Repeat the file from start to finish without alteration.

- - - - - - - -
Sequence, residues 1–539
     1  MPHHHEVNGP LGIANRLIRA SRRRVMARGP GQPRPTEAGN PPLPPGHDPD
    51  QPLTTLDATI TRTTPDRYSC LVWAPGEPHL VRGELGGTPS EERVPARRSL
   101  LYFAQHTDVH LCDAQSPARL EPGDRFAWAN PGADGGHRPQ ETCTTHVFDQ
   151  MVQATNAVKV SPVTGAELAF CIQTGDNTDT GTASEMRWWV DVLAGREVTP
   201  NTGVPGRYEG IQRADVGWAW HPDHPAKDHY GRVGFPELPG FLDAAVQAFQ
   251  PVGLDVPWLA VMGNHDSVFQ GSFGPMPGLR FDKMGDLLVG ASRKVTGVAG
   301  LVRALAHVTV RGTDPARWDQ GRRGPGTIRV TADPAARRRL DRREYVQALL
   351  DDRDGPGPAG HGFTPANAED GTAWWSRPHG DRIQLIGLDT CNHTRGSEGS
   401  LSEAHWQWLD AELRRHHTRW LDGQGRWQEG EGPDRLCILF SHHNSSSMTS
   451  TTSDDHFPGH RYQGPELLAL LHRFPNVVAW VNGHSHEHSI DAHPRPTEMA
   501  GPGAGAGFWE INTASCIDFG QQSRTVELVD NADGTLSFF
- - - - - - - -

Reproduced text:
Sequence, residues 1–539
     1  MPHHHEVNGP LGIANRLIRA SRRRVMARGP GQPRPTEAGN PPLPPGHDPD
    51  QPLTTLDATI TRTTPDRYSC LVWAPGEPHL VRGELGGTPS EERVPARRSL
   101  LYFAQHTDVH LCDAQSPARL EPGDRFAWAN PGADGGHRPQ ETCTTHVFDQ
   151  MVQATNAVKV SPVTGAELAF CIQTGDNTDT GTASEMRWWV DVLAGREVTP
   201  NTGVPGRYEG IQRADVGWAW HPDHPAKDHY GRVGFPELPG FLDAAVQAFQ
   251  PVGLDVPWLA VMGNHDSVFQ GSFGPMPGLR FDKMGDLLVG ASRKVTGVAG
   301  LVRALAHVTV RGTDPARWDQ GRRGPGTIRV TADPAARRRL DRREYVQALL
   351  DDRDGPGPAG HGFTPANAED GTAWWSRPHG DRIQLIGLDT CNHTRGSEGS
   401  LSEAHWQWLD AELRRHHTRW LDGQGRWQEG EGPDRLCILF SHHNSSSMTS
   451  TTSDDHFPGH RYQGPELLAL LHRFPNVVAW VNGHSHEHSI DAHPRPTEMA
   501  GPGAGAGFWE INTASCIDFG QQSRTVELVD NADGTLSFF